2. Apologies if – whether inspired by ‘concrete lung’ or a longer term fan – you have been thwarted in trying to get a ticket for Brendan Power and Tim Edey’s gig at Westgate Hall at 7pm on saturday 12 may. You may have tried to use the link I provided on the last blog to get a ticket and found it didn’t work! Please try again by simply pasting this address into your browser: http://timedeyandbrendanpower.eventbrite.co.uk/. If this doesn’t work, please email me (address below)! I hear tickets are now selling fast, so don’t delay….!
3. Weather permitting, we think its now time to have another open invite picnic at “picnic playstool” at the southern end of Dover Down Field. We’ve pencilled in this coming sunday 13 may, 12 midday until 3pm: All will be welcome: local residents, staff, and students (this timing allows us to be inclusive, since term time will have started). And in the spirit of similar gatherings in the past, any one prepared to bring along a musical instrument, or play equipment for children is especially welcome. (But its most important to simply bring the children in their own right – there’s plenty of tree climbing, exploring and open air fun to be had without any need for props!). This isn’t a formal event, but do drop me an email (see address at bottom of this blog) if you want to let me know if you”ll be around for this. In case we get some momentum on numbers, it could make sense to put people in touch with one another re music and play in advance to make the most of it.
Thanks for the positive feedback on the last blog. It seems that the discussion of Heritage is striking a chord, and the draft map and glossary are seen as helpful and interesting. Now that we’ve got at least some provisional names for a few of the much-loved features of Chaucer Fields (they all remain subject to revision, if people think this is needed) perhaps we can start to use them. The vocabulary could, for example, be used to help signpost many of the excellent photos increasingly coming through on the Save Chaucer Fields Facebook site. I’ve noticed the popular and iconic views combining Dover Down Field with cityscapes are increasingly now being supplemented with images of “Roper’s Twitchell” and “Beverley Boughs”, building up a stockpile of images from across the seasons.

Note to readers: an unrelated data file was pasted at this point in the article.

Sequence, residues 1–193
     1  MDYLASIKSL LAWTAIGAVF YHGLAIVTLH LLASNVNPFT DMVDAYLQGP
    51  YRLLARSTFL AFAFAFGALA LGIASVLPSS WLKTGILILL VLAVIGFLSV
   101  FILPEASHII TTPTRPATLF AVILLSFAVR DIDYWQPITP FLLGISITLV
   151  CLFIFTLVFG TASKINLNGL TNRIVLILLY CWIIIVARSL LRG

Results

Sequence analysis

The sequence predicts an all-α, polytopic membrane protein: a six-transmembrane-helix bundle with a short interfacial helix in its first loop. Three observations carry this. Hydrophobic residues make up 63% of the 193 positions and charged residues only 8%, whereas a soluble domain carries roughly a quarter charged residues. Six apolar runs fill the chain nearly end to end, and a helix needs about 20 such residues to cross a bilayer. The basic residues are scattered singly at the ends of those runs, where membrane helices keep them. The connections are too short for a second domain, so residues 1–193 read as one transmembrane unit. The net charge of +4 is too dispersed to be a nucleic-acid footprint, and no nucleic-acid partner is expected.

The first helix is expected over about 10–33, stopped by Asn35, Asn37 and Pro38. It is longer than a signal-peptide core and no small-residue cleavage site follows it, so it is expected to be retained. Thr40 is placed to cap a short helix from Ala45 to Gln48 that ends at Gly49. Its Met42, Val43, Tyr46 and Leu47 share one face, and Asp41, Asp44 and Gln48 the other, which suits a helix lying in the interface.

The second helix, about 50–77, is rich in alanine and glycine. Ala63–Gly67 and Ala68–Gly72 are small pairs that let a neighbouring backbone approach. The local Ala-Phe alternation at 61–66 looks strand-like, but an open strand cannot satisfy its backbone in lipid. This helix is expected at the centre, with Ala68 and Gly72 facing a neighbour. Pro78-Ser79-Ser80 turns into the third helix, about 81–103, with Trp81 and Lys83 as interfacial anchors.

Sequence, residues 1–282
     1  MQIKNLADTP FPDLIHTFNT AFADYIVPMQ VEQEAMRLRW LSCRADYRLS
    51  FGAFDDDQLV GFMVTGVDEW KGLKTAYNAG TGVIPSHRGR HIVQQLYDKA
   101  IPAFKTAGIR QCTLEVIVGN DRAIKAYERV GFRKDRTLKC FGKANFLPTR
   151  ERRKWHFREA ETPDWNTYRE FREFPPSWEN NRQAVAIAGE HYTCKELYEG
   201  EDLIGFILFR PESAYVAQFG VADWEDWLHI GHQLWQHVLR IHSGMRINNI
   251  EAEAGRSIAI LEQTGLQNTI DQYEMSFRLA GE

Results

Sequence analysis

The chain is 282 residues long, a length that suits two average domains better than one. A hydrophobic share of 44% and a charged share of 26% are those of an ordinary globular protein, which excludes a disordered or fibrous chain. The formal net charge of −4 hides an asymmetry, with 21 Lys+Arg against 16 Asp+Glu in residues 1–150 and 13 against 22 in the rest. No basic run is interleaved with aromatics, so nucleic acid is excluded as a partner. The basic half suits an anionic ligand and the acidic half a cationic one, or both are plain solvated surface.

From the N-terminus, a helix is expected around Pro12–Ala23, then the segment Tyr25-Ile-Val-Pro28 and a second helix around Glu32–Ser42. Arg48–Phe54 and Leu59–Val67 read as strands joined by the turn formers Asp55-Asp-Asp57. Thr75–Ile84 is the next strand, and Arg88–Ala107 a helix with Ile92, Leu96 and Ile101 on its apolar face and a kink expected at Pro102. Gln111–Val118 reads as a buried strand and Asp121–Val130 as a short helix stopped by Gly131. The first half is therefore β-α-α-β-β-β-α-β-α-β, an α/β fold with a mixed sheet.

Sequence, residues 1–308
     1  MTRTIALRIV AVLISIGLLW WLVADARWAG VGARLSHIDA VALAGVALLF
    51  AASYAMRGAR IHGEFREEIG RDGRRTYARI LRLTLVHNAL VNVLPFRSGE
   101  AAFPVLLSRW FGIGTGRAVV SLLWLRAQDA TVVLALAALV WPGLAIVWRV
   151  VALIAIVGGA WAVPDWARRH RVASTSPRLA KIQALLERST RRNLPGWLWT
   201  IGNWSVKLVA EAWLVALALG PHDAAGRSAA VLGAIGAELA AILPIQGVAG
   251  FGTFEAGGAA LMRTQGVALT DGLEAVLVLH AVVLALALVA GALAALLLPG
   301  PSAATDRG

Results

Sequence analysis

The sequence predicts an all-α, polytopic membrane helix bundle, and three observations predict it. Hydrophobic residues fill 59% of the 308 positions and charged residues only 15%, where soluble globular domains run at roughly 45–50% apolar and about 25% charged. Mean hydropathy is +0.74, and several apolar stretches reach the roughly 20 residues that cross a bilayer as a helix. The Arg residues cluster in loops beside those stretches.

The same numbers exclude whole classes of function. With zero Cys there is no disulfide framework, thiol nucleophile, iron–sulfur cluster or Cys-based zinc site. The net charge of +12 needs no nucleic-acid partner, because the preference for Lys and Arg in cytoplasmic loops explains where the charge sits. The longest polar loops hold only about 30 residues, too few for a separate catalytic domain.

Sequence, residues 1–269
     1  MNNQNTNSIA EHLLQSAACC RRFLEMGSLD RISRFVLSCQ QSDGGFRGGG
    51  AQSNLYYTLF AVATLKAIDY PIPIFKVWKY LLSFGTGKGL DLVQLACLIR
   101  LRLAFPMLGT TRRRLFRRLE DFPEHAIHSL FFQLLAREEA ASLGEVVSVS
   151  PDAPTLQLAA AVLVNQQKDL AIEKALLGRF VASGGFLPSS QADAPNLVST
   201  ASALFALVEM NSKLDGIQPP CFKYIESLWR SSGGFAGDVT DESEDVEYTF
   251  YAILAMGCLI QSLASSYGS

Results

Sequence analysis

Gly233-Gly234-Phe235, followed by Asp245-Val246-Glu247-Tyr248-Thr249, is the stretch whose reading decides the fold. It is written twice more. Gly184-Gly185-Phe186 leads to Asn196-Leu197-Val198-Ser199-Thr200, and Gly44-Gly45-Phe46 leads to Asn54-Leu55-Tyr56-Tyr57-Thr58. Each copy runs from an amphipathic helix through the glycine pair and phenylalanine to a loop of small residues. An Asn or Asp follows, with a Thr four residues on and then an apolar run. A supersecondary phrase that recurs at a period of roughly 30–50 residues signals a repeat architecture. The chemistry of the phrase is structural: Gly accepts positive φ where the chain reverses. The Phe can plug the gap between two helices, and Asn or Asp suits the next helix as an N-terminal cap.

Let me throw in a couple of my own decidedly amateur efforts. First, above, a common-or-garden Robin captured at the top of “Roper’s Twitchell”, aptly on the edge of “Ruddock’s Rood”. Other birds recently seen beginning to nest in close proximity to this spot include Dunnocks, Wrens, Jays, Blackbirds, Chaffinches, Blue Tits and Great Tits.
Second, a less familiar perspective perhaps, unless you happen to be into tree climbing! These are images with the bottom of Bushy Acres in the foreground and “Roper’s Twitchell” in the centre, and looking towards “Beverley Boughs” at the top. These were taken from an old native oak tree in “Jay’s corner”, but as you can see at different times of the year.
For anyone who is still not sure that we are now actually heading for summer (with the violent swings in temperature), the coming to life of the hedge should provide some reassurance! We’ll soon be seeing the foliage of the oaks at “Beverley boughs” emerge too, and birches and chestnuts elsewhere on the fields, are moving in this direction…
I’ll be attempting to use the new Heritage Map in other ways too in the weeks ahead. I’ll suggest that particular places on the Heritage Map can and should be directly linked to the furtherance of Canterbury City Council’s current policies in relation to landscape, open space and conservation. And I’ll also be demonstrating how specific features of the existing landscape would tragically be replaced by blocks, other buildings, roads, car parks and sundry concrete if ‘development’ of the site were allowed to proceed. Watch this space!
Chaucer Fielder, Chaucer Fields Picnic Society